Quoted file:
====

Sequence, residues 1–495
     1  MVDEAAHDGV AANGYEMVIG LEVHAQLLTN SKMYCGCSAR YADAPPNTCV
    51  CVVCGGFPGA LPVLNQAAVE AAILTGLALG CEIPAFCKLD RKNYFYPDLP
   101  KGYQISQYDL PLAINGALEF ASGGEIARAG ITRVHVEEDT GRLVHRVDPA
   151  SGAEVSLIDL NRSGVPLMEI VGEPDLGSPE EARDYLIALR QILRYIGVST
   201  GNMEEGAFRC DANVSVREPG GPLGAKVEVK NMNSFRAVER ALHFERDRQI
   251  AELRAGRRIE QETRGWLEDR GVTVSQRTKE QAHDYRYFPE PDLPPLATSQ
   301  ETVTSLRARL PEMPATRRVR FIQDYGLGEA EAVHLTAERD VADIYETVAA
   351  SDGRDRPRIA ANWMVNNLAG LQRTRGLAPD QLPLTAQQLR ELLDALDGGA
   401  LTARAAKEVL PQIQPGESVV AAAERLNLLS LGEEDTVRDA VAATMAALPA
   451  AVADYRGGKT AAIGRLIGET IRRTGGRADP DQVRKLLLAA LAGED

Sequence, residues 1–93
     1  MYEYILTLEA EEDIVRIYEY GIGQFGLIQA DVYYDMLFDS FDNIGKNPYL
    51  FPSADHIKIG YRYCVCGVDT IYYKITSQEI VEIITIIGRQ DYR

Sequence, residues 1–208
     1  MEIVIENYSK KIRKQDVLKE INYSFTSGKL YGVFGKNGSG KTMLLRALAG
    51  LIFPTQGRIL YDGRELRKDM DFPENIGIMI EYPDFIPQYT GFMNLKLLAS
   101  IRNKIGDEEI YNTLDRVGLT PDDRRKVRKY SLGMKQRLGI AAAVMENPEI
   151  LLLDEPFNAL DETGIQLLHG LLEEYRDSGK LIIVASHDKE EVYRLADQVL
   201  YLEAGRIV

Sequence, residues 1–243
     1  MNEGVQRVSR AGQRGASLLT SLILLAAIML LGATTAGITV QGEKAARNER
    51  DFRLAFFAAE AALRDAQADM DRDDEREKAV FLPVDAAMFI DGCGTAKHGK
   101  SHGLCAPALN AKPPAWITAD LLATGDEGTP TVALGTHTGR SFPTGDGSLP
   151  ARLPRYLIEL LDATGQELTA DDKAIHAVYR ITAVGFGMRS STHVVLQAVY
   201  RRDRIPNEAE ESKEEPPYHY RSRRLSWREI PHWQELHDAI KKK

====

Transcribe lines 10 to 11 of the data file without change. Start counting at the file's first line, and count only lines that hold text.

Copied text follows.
   401  LTARAAKEVL PQIQPGESVV AAAERLNLLS LGEEDTVRDA VAATMAALPA
   451  AVADYRGGKT AAIGRLIGET IRRTGGRADP DQVRKLLLAA LAGED